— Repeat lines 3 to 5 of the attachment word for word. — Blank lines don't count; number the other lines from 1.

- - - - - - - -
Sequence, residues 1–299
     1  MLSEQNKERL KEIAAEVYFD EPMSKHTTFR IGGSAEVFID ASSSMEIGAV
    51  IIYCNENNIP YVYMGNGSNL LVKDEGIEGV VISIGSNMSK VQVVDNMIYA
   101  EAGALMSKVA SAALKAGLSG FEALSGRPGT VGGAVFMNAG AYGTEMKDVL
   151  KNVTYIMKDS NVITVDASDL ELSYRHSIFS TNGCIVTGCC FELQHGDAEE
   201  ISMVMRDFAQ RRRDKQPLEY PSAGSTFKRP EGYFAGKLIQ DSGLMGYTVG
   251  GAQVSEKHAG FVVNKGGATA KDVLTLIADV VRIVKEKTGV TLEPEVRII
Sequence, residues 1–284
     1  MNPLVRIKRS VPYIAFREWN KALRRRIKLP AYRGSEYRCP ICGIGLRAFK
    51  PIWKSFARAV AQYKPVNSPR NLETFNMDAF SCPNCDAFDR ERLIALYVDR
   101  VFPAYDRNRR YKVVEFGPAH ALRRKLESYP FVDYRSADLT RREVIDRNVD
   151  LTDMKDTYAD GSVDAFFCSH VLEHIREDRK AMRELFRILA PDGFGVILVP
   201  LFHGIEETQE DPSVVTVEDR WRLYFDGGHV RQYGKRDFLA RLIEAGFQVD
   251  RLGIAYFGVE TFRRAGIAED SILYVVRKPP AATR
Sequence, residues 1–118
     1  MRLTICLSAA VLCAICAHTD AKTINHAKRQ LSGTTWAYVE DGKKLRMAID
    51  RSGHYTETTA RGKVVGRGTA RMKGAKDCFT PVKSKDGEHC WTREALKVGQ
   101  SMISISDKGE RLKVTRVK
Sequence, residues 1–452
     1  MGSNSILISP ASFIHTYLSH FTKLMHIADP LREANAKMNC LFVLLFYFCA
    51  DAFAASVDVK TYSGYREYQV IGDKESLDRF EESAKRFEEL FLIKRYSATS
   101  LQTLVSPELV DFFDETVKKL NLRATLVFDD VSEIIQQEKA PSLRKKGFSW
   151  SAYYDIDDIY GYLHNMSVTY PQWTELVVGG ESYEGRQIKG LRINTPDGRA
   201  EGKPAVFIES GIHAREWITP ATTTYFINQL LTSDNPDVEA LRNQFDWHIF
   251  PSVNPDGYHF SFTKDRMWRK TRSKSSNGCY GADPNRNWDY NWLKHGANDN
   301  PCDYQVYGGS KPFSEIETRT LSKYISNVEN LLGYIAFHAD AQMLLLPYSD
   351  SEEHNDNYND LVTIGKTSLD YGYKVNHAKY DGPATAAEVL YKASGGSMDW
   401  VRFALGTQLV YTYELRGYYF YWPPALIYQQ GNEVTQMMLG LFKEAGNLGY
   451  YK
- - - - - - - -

    51  IIYCNENNIP YVYMGNGSNL LVKDEGIEGV VISIGSNMSK VQVVDNMIYA
   101  EAGALMSKVA SAALKAGLSG FEALSGRPGT VGGAVFMNAG AYGTEMKDVL
   151  KNVTYIMKDS NVITVDASDL ELSYRHSIFS TNGCIVTGCC FELQHGDAEE